Herodotus: 100 000 men to build the pyramids.

I’ve found this claim in a lot of places, and I want to cite it in an essay, preferably from its original source.

Unfortunately, a Google search hasn’t turned up much, and I can’t exactly leaf through every work he ever wrote.

Could someone give me a general idea of where he might have made this claim?

Herodotus Histories 2.124.3
[2.124.3] They worked in gangs of a hundred thousand men, each gang for three months. For ten years the people wore themselves out building the road over which the stones were dragged, work which was in my opinion not much lighter at all than the building of the pyramid1


Most authorities now believe the number was much smaller, numbering perhaps 20-30 thousand men. The support group for 100,000 workers would have had to be immense.

That’s the point - I’m pointing out that some people claim very large numbers (as a con in a complex argument). I then cite several more recent writers who give the kind of figures you suggest.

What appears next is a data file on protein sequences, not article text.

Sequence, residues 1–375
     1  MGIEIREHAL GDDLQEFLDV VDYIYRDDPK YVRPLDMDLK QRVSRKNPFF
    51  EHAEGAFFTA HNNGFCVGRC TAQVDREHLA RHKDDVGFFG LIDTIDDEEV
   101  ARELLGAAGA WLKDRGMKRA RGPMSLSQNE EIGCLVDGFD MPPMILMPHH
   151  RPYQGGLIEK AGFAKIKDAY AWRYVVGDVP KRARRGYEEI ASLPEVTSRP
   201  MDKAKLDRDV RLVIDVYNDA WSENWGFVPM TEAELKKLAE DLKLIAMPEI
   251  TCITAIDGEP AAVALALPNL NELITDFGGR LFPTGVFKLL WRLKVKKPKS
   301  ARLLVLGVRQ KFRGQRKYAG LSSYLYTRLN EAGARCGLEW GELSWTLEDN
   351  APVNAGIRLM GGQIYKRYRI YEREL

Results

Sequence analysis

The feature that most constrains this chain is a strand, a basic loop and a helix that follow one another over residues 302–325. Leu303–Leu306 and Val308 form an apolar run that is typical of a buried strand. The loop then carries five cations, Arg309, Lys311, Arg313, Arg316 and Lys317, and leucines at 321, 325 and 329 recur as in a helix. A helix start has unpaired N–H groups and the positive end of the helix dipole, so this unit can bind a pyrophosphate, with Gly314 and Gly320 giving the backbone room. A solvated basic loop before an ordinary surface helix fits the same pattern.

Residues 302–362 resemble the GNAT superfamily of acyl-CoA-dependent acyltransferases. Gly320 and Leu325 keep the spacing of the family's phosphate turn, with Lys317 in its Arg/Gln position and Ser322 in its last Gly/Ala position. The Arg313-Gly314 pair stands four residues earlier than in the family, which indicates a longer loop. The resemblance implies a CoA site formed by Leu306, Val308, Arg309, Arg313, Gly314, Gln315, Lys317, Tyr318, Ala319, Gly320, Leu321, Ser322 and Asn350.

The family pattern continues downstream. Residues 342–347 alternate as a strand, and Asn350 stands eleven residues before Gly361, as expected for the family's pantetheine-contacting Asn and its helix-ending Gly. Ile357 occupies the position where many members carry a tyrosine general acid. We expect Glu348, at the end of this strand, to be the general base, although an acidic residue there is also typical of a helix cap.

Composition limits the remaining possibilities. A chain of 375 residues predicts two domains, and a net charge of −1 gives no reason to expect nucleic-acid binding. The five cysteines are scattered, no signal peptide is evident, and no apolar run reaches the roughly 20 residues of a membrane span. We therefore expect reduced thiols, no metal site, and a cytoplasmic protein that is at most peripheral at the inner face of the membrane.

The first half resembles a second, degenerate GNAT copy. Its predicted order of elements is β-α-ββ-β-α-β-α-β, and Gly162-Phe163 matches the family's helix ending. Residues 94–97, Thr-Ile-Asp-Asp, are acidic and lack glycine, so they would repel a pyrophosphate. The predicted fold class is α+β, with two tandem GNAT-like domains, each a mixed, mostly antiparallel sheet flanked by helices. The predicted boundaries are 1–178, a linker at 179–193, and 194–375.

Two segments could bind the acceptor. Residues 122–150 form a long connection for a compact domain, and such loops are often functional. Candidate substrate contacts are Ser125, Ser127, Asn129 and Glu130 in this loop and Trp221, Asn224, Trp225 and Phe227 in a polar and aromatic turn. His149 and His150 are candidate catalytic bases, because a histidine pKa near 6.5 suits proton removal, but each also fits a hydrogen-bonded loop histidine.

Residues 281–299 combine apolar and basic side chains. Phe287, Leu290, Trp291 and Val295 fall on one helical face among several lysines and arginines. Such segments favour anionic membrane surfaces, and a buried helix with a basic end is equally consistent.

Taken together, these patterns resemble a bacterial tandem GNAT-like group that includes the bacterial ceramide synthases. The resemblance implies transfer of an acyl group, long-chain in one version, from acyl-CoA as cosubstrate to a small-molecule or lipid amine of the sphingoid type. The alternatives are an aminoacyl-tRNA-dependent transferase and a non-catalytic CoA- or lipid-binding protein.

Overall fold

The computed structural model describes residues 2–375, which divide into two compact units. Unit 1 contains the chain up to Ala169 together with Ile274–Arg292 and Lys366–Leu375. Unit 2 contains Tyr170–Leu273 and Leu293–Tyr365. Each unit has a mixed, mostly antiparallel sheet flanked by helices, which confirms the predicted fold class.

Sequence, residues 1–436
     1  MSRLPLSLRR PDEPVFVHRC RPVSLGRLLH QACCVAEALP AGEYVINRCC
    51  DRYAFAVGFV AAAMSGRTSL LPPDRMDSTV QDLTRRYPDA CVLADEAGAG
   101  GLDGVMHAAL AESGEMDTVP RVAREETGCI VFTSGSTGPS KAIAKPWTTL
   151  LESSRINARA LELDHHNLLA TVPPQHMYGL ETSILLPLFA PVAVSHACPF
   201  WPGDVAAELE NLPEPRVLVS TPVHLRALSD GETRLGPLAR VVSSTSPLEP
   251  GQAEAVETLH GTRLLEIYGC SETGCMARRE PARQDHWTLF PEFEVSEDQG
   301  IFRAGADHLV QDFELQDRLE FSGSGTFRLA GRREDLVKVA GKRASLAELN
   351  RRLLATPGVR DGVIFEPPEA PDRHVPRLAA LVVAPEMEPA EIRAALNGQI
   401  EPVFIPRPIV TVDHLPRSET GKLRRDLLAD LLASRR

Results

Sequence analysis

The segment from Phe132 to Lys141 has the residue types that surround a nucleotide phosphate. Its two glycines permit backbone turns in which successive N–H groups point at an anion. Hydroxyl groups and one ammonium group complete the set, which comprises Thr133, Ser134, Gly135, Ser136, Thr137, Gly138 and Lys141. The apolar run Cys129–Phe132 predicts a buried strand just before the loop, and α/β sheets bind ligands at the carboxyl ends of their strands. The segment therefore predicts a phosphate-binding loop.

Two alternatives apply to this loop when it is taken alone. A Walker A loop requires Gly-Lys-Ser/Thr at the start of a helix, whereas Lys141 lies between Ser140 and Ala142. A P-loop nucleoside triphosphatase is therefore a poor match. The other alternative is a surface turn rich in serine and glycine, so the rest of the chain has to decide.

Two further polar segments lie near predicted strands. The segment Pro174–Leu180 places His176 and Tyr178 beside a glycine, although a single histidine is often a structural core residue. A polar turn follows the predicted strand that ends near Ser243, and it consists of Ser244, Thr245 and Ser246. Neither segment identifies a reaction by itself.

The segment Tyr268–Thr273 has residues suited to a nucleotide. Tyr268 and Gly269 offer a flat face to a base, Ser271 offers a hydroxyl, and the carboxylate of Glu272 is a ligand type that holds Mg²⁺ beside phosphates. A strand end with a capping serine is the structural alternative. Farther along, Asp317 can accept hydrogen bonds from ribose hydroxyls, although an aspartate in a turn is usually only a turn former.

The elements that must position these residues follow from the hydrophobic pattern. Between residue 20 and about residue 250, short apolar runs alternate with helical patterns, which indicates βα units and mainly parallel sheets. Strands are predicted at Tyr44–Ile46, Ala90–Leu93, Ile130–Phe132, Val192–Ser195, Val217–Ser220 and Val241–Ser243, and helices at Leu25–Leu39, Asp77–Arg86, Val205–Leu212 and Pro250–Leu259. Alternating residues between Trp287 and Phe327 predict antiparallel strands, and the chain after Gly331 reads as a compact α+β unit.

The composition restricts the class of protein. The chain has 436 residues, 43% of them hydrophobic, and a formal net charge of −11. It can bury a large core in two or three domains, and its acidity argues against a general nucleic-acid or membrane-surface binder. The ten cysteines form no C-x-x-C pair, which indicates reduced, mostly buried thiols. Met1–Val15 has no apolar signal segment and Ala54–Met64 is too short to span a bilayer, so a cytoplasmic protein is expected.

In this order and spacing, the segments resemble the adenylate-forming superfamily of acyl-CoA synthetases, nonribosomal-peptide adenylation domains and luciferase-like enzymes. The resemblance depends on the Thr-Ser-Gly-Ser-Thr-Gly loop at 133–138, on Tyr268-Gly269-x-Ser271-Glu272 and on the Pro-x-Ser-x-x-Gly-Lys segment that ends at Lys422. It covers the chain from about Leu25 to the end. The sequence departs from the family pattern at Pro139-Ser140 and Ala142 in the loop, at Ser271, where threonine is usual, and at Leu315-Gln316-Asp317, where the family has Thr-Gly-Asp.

I guess this is just the different way of thinking ancients had compared to us. Being accustomed to exact sciences, we demand a number to be correct; if it’s not correct, the number should not be given. Romans and Greeks took that much more easy. If Herodotus says there were " a hundred thousand" men building the pyramids, he was probably just saying there was a godawful lot of people. He didn’t actually believe there were really 100,000, or close to this, men, nor did he expect his readers to take this number for granted. You see this a lot in ancient writings.